Soloists include pianists Emanuel Ax, Horacio Gutiérrez, Natashia Peremski, Yuja Wang, Kahane and Fisch (the last two also conducting); violinists Karen Gomyo, Midori, Cho-Liang Lin and Borok; cellists Amanda Forsyth and Alisa Weilerstein; harpist Yolanda Kondanasis; saxophonist Branford Marsalis; organist Mary Preston; oboist Erin Hannigan; clarinetist Gregory Raden; bassoonist Wilfred Roberts; and horn player Gregory Hustis.

The complete repertoire of the classical season:

Sept. 11-14: Mozart’s Piano Concerto No. 25 and Mahler’s Symphony No. 5, with Ax as pianist and Van Zweden conducting.
Sept. 18-21: Stucky’s August 4, 1964, with Van Zweden.
Sept. 25-27: Tchaikovsky’s Capriccio Italien, Beethoven’s Piano Concerto No. 5 and Shostakovich’s Symphony No. 5, with Gutiérrez as pianist and Van Zweden conducting.
Oct. 9-12: Stravinsky’s Scherzo à la Russe, Sibelius’ Violin Concerto and Strauss’ Ein Heldenleben, with Gomyo as violinist and Petrenko conducting.
Oct. 23-25: Wagner’s Siegfried Idyll, Rouse’s Symphony No. 2 and Brahms’ Violin Concerto, with Midori violinist and Kalmar conducting.
Nov. 6-9: Webern’s Im Sommerwind, Mozart’s Sinfonia Concertante in E-flat, K 297b, and Brahms’ Symphony No. 4, with DSO soloists and Van Zweden conducting.
Nov. 13-16: Mahler’s Rückert Lieder and Elgar’s The Music Makers, with mezzo-soprano Christianne Stotijn, the DSO Chorus and Van Zweden conducting.
Jan. 8-11, 2009: Leopold Stokowski’s arrangement of Mussorgsky’s Pictures at an Exhibition and seven brief orchestral favorites, with Van Zweden conducting.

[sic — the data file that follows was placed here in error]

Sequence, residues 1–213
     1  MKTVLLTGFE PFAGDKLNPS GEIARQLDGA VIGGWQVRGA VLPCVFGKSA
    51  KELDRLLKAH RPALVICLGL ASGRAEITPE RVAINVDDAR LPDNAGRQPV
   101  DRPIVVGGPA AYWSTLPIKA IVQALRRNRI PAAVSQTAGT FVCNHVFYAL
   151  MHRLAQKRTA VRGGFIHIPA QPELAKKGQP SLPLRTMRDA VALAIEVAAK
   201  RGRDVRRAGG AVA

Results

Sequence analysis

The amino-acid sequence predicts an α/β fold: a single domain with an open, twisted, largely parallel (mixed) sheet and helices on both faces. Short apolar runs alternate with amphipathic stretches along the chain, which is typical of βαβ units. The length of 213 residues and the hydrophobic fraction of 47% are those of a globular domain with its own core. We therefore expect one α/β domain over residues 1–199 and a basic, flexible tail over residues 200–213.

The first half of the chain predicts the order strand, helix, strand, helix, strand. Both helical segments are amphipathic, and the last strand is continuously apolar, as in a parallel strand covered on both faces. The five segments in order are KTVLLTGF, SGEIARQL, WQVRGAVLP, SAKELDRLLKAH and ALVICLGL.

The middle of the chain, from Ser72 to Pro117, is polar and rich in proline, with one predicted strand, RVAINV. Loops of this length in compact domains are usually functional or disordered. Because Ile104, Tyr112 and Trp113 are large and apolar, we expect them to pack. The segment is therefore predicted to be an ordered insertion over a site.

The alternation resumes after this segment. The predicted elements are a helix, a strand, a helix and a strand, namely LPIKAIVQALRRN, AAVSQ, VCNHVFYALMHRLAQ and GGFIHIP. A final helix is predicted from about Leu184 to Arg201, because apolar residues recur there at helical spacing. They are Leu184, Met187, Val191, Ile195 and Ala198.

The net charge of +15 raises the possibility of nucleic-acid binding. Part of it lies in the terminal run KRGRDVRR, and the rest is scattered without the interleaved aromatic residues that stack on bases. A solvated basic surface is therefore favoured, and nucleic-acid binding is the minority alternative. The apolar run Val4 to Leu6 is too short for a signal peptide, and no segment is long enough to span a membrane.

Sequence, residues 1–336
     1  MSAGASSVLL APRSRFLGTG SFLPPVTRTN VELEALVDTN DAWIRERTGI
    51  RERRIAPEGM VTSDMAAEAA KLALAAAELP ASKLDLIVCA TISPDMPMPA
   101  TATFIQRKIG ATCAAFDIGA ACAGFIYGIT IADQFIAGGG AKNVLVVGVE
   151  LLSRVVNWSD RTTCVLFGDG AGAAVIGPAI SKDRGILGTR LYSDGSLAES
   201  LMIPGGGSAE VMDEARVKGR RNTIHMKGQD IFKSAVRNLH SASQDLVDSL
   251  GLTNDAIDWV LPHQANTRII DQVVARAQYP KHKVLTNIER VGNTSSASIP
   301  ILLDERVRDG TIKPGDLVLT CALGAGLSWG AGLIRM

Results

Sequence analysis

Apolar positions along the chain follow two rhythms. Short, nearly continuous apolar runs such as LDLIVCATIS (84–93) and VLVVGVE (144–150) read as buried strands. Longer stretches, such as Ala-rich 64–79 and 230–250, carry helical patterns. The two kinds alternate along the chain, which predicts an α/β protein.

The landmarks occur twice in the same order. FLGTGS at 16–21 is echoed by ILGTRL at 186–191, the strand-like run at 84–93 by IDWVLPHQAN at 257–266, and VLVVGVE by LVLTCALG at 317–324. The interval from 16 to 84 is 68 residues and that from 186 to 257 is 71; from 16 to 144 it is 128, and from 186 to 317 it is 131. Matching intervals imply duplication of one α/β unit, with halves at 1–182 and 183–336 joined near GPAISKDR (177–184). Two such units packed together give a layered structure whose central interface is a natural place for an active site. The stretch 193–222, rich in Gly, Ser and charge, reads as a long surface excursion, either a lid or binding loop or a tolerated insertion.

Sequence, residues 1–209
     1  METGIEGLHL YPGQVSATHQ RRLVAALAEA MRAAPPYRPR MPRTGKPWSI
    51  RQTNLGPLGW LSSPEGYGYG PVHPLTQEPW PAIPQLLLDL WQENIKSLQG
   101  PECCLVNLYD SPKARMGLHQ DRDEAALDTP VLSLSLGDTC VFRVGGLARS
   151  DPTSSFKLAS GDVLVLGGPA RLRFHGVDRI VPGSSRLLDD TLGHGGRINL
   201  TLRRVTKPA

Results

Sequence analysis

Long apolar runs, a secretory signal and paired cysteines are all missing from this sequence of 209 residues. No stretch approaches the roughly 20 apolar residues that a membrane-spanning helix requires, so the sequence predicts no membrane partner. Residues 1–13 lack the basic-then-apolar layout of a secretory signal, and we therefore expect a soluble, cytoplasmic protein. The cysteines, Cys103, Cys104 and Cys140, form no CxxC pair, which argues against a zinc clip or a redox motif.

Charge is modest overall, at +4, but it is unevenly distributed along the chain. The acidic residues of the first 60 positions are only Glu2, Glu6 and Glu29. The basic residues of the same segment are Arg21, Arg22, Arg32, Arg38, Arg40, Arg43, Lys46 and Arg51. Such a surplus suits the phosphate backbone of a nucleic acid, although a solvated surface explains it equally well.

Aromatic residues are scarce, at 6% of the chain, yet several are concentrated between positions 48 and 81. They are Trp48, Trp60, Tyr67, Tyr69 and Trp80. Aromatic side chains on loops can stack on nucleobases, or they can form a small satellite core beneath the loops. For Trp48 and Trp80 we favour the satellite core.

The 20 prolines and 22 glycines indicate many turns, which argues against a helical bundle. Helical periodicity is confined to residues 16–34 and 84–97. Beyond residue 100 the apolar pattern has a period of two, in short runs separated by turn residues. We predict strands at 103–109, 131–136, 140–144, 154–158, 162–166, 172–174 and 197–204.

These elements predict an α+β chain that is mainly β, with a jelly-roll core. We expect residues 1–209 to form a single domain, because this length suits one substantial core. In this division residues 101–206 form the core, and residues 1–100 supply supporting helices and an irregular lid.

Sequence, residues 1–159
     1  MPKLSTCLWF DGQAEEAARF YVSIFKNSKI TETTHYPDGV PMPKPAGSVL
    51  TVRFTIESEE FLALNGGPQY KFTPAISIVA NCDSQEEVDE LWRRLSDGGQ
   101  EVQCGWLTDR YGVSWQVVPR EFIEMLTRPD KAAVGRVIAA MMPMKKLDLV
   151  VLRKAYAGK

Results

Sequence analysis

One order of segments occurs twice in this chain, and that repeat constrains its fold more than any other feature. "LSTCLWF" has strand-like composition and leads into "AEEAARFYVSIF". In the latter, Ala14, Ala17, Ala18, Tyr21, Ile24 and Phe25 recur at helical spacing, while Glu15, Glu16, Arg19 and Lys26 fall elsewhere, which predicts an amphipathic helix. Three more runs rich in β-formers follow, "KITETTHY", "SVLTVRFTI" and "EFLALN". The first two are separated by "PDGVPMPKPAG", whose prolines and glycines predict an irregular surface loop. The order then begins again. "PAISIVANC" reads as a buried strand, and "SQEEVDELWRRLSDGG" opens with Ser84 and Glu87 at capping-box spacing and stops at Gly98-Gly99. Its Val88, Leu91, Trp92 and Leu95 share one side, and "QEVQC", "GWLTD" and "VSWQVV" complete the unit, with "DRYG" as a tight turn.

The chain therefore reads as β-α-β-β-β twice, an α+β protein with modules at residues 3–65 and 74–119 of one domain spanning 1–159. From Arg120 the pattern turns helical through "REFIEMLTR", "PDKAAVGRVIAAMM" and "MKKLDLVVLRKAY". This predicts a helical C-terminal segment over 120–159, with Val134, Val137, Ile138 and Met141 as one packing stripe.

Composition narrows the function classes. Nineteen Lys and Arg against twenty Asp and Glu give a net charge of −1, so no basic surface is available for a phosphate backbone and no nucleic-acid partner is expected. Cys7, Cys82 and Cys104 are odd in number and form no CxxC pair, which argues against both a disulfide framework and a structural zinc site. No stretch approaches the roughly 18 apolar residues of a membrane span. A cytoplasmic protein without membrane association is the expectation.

Jan. 15-17, 2009: Shostakovich’s Violin Concerto No. 1 and Tchaikovsky’s Symphony No. 5, with Lin as violinist and Van Zweden conducting.
Jan. 22-25, 2009: Rossini’s Overture to La Gazza Ladra, Bright Sheng’s Harp Concerto and Dvorák’s Symphony No. 9, with Kondanasis as harpist and Slatkin conducting.
Jan. 29-Feb. 1, 2009: Brahms’ Hungarian Dances, Liszt’s Piano Concerto No. 1 and Bartok’s Miraculous Mandarin Suite, with Peremski as pianist and Varga conducting.
Feb. 19-22, 2009: Glazunov’s Concerto for Alto Saxophone, Williams’ Escapades and Rachmaninoff’s Symphony No. 3, with Marsalis as saxophonist and Litton conducting.
Feb. 26-March 1, 2009: Rachmaninoff’s Piano Concerto No. 3, Prokofiev’s Symphony No. 7 and Khachaturian’s Spartacus Ballet Suite, with Wang as pianist and Remmereit conducting.
March 5-7, 2009: Stravinsky’s Concerto for Strings, Schumann’s Symphony No. 4 and Brahms’ Double Concerto, with Zukerman as violinist, Forsyth as cellist and Zukerman conducting.
March 26-29, 2009: Beethoven’s Piano Concerto No. 1 and Elgar’s Symphony No. 1, with Kahane as pianist and conductor.
April 2-5, 2009: Britten’s Variations on a Theme by Frank Bridge, a Bach Clavier Concerto and Haydn’s Symphony No. 99, with Fisch as pianist and conductor.
April 16-19, 2009: Guilmant’s Symphony No. 1, Stravinsky’s Pulcinella Suite and Saint-Saëns’ Symphony No. 3, with Preston as organist and Van Zweden conducting.
April 23-26, 2009: Shostakovich’s Chamber Symphony for Strings and Mozart’s Requiem, with soloists TBA, the Dallas Symphony Chorus and Van Zweden conducting.
April 30-May 2, 2009: Raskatov’s Violin Concerto and Berlioz’s Symphonie Fantastique, with Borok as violinist and Van Zweden conducting.
May 7-10, 2009: Golijov’s Azul for cello and orchestra and Brahms’ Symphony No. 1, with Weilerstein as cellist and Langrée conducting.
May 21-23, 2009: Puccini’s Madame Butterfly, with soloists TBA and the Dallas Symphony Chorus, Van Zweden conducting.